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Another fox taken at the British Wildlife Centre last July
All comments welcome
135mm, f3.2, ISO 200, 1/1600sec
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Wonderful and Excellent capture,
lovely shot, great capture
Captured this very well with superb detail and colour.
this is a great shot with nice colours and nice dof well done regards jim
Stunning close up detail capture, love the composition, super animal great colours.
a sly and long legged look to this fox, very nice capture
A super capture, Tim. Carol
Love this one Tim!
Wonderful capture, Tim.
A great capture and what a look ..has his eye on somebody, wonder who?
Good colours and detail Tim
Wonderful shot Tim - well done !
A fine shot of this handsome animal, he/she is posing beautifully for you
I think I'd prefer more depth of field in this one. Having only the head fully sharp doesn't seem quite enough, to me, especially as the front legs are quite a large part of the frame and are in that in-between case of not being fully sharp but not really being nicely blurred, either. You've bags of shutter speed to go to f/8, for example.
Thankyou so much for the critique, although may I respectively ask if you'd be happy with less DOF instead of more?
I agree entirely about the detail of the fox's legs, and obviously I had lots of shutter speed to play with, but I chose the aperture for the shallow DOF and already feel that the background is getting a little busy. Going to f8 and I feel I'd also lose the way the subject is isolated from the background and that slight '3d' feel.
This is obviously always going to be the choice and compromise when the subject isn't that far from the background. And in terms of preference, I admit that I'm probably close to the extreme in liking the effect of a shallow DOF, as long as the critical features are sharp.
Would be lovely not to have to compromise in this way and suit more people's preference: to get the whole subject sharp and then have a rapid dropoff to blur the background.
And I've been trying to reason it through in my head: am I right in my thought that a long focal length from further away is the way to have this control; that for the same DOF the dropoff with sharpness would be quicker?
> I respectively ask if you'd be happy with less DOF instead of more?
> I'm probably close to the extreme in liking the effect of a shallow DOF, as long as the critical features are sharp.
I don't think I'd be happy with less DoF, either, though that would address the issue of the legs being in that half-way house of neither sharp nor fully blurred. Liking shallow depth of field is fair enough, and largely a matter of personal style, but, to me, this photograph contradicts itself a bit. The shallow depth of field seems to be saying that the face is really the only important thing in the shot, since it's the only part that can be seen clearly. The composition as a whole seems to be saying that you want me to appreciate the fox in its environment but I can't even see the whole fox clearly, let alone its environment. I think this 'mixed message' dilutes the shot's impact.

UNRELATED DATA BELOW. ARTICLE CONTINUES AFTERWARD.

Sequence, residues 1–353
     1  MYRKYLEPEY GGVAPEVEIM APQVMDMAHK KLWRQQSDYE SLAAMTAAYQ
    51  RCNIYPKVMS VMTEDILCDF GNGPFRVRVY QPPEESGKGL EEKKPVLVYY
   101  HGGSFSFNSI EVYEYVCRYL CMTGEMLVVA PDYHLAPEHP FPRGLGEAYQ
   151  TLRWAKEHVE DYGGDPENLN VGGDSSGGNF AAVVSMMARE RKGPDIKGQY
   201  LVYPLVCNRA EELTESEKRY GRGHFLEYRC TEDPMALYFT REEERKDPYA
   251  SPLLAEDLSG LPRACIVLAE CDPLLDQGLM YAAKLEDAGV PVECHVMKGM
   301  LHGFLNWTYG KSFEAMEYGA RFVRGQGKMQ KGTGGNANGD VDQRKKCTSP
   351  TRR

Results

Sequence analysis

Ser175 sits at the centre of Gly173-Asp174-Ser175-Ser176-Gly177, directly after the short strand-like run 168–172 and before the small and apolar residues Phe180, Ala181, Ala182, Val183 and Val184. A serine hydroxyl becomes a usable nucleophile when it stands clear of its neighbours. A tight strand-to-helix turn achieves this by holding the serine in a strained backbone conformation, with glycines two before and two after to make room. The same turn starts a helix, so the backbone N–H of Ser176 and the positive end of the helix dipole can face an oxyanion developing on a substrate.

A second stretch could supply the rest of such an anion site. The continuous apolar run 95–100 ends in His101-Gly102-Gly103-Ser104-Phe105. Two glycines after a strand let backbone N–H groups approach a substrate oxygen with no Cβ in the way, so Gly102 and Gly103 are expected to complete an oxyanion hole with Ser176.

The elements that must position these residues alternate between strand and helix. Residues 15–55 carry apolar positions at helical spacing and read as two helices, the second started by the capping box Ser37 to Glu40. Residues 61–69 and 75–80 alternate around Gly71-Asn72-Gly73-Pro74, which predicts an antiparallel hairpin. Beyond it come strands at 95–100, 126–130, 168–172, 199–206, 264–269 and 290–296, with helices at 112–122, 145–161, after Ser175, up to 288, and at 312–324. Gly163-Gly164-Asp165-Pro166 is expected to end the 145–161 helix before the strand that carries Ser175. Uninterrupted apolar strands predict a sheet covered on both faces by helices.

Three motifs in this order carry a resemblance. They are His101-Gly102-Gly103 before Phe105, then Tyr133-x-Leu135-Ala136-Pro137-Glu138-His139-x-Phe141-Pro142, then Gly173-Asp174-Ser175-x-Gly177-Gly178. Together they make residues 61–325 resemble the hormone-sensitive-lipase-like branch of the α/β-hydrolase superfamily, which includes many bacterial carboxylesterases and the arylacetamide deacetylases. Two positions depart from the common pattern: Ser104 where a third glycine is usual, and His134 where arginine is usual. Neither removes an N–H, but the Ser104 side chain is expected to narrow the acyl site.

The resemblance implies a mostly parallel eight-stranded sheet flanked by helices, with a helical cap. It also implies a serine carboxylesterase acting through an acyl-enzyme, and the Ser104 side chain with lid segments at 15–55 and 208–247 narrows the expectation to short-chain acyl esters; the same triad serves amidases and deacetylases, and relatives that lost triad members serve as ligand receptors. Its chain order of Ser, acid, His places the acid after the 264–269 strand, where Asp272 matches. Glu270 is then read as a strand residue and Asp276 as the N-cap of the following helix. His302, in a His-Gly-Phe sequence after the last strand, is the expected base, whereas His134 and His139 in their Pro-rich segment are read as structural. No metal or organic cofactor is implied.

In general, I'd say that less depth of field requires a closer crop so that the composition and DoF are making essentially the same point. For example, here's one of my cat photos (off-site link). I'm not proposing that it's a perfect shot but it does illustrate my point. The depth of field is very shallow at 200mm and f/4 (full zoom and wide open on that lens) which means that just the cat's head is sharp. But the head takes up about a third of the frame and the extra space is mostly there for composition, to give him space to look into.
In contrast, the fox's face here is only about a twentieth of the frame. Now, I'm not saying that there's some magic percentage of the frame that has to be sharp for a photo to work but I do think that there needs to be consistency between what the composition and the depth of field say is important in the shot.
> already feel that the background is getting a little busy.
I don't think it's too bad, as the orange fox stands out well against the green. Even at f/8, I think the fox would hold the shot. Smoothly blurred backgrounds are great but you do need a decent distance between subject and background to get that.
> And I've been trying to reason it through in my head: am I right in my thought that a long focal length from further
> away is the way to have this control; that for the same DOF the dropoff with sharpness would be quicker?
From the way you've phrased this, I assume you know that you get the same depth of field at essentially any focal length as long as the subject framing is the same. I'm not sure if that means that the sharp region tails off faster or not. However, longer focal length lenses certainly give the impression of more background blur because they have a narrower angle of view. This means that, if you'd taken this shot from farther away with, say, a 300mm lens at f/3.2 (good luck affording one of those ) you'd get the same DoF on the fox but a smaller amount of background would be spread over the same amount of photograph, giving an apparently greater degree of blur. Brian Carnathan has a good demo of this on his site (flower shots, about 60% of the way down that page).
PM sent Dave, but thankyou for the detailed and considered feedback; lots for me to take on board and not really thought about the relation of DOF to composition before
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